John Piper infamously tweeted, “Farewell, Rob Bell.”
Rob Bell was shunned.
MARS HILL CASE 2: MARK DRISCOLL
In 2014, the pastor of Mars Hill Church, Seattle, Mark Driscoll resigned in response to allegations made by multiple staff over many years that he was responsible for a deeply dysfunctional culture of leadership in the church. The board of overseers stated that Driscoll had “been guilty of arrogance, responding to conflict with a quick temper and harsh speech, and leading the staff and elders in a domineering manner.”
Over recent months, Christianity Today has been releasing episodes of The Rise and Fall of Mars Hill podcast which has aired testimony of the trail of broken lives and dashed hopes Driscoll left in his wake at Mars Hill. It has also detailed the damage caused by his mistruths, his plagiarism, and his teaching about gender and demon possession. It cannot be overstated how traumatized many of Driscoll’s former colleagues have been by their time in the church.
You would think the conservative church that was so quick to shun Rob Bell over Love Wins would be just as scathing in their response to a man charged with bullying, anger, deceit, and plagiarism, a man who had caused serious harm to many in his church.
Not so, I’m afraid.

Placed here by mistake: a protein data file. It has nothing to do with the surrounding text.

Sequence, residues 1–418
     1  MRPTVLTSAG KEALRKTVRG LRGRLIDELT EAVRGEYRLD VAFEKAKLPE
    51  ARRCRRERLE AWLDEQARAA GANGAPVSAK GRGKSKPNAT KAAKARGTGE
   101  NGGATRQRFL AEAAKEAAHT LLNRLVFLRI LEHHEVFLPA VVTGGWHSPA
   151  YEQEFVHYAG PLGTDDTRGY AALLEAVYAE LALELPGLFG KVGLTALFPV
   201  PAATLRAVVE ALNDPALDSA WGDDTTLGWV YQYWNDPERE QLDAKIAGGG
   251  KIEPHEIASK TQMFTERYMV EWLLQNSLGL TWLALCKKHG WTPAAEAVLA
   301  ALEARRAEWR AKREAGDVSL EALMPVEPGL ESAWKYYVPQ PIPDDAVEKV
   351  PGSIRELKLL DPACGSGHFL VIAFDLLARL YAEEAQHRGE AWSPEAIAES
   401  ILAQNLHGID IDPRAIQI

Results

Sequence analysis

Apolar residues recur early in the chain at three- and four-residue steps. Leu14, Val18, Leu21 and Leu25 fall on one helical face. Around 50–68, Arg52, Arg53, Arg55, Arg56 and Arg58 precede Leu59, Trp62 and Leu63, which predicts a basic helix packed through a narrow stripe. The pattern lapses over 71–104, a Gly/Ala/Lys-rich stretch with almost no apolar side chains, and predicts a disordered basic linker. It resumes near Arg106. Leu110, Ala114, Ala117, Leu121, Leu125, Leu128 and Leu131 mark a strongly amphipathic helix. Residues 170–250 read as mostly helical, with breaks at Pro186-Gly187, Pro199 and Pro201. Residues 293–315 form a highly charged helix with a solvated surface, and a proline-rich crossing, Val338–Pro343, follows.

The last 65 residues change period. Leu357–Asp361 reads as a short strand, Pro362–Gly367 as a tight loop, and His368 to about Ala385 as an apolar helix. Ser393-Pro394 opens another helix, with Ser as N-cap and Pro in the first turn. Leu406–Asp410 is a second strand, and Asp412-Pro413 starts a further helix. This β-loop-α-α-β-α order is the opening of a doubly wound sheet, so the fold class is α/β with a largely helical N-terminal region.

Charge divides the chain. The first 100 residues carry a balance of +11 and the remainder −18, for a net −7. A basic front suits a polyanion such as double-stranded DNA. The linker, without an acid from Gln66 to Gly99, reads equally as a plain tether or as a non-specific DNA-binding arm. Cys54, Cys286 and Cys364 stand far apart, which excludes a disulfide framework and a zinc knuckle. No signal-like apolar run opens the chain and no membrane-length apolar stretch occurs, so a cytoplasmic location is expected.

This week I was listening to the final episode of the podcast, Aftermath, which explores the fallout from Driscoll’s spectacular demise. It begins by replaying a series of sound grabs by conservative pastors speaking about Driscoll, the first of which is Pastor Robert Morris introducing Driscoll at a pastors’ conference in Texas just five days after his resignation:
“He did make some mistakes. Here’s what I figure: we’ve got two choices. One is we could crucify him. But since someone’s already been crucified for him… The other choice is we could restore him with a spirit of gentleness considering ourselves lest we are also tempted. And it’s very sad that in the church we are the only army that shoots at our wounded. And I want you to stop it… I’d like for you to show your love for him. I’d like for you to welcome him here. Mark, would you stand up? This is Mark Driscoll.”